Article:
I thought about last year, when I had made that decision as we pulled up to the airport. I couldn't believe that after all this time preparing and packing, the time had finally come.
As we prepared to say goodbye, my parents and I distracted ourselves with advice on pick pockets, gelato flavors, and the outrageous exchange rate. Eventually, it was time to part ways and I turned to hug my mother.
"No crying," I warned her.
"I promise," she reassured me. Then she pulled me into a big hug, one of those hugs only moms know how to give, and told me how excited she was for me and that she was always only a phonecall away. I couldn't help it, though I am not usually an overly emotional person, tears slowly spilled down my cheeks and onto my mom's jacket.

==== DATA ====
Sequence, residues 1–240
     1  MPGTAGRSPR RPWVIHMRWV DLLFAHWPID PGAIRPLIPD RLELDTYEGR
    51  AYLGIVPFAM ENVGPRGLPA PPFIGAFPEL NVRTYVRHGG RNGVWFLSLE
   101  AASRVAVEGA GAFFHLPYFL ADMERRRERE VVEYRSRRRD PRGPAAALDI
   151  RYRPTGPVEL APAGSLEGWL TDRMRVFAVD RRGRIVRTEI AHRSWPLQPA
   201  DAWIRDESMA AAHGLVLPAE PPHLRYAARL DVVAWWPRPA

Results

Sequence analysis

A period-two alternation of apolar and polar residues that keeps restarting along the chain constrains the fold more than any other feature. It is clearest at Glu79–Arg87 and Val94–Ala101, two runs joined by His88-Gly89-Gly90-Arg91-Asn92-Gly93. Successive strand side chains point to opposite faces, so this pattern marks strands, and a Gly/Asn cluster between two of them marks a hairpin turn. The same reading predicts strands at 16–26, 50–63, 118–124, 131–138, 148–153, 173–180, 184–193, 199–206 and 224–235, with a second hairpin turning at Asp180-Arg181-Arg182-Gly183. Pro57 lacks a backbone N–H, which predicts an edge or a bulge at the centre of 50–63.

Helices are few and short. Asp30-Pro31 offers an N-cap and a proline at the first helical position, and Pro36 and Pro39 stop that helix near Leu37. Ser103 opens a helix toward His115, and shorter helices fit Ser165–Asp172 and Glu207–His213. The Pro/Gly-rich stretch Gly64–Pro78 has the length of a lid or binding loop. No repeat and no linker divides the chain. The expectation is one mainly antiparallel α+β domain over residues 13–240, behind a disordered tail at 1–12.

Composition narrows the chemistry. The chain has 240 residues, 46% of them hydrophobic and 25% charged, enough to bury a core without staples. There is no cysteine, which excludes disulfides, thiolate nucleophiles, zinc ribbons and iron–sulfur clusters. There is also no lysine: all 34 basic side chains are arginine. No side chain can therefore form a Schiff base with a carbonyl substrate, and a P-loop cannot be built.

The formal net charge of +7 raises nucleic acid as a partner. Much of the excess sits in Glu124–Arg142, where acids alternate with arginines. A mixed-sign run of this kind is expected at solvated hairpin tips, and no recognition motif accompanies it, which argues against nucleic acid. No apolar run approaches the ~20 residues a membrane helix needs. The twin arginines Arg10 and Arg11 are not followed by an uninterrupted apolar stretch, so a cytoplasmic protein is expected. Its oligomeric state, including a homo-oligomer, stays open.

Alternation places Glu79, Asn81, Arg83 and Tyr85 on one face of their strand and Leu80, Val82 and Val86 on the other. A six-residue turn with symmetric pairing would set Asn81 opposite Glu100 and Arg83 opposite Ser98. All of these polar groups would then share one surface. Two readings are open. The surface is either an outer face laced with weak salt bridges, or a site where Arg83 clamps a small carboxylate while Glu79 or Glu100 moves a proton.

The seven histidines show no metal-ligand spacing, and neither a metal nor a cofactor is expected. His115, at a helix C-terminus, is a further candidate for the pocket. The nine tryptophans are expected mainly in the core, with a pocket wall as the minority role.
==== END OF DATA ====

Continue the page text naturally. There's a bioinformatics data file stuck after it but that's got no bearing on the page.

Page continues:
My dad then pulled me into a hug and told me how proud he was of me and that I had good instincts, so I should follow them. My father's words instilled enough courage in me to finally let go and wave goodbye as I headed through security.
While putting my shoes on at the end of security, I turned one last time to see my parents. They waved and my father shot me a thumbs up. This was it. I was on my own.
Other than very long, boring layovers and bad airplane food, I managed to make it safely through my travels. I ended up meeting a ton of other students headed the same place as me. We all shared our excitement and anxiety and decided to stick together. And while I sat there on my last plane in Munich, Germany, listening to the flight attendent explain the emergency procedures for the third time, in the third language I had heard that day, I stared out the window, finally realizing that I was in Europe!
We arrived in Florence about 45 minutes later and gathered all of our luggage (shockingly, mine had made it through three transfers!). And by gathered our luggage, I mean we made my new friend, Jon, grab our overweight suitcases for us.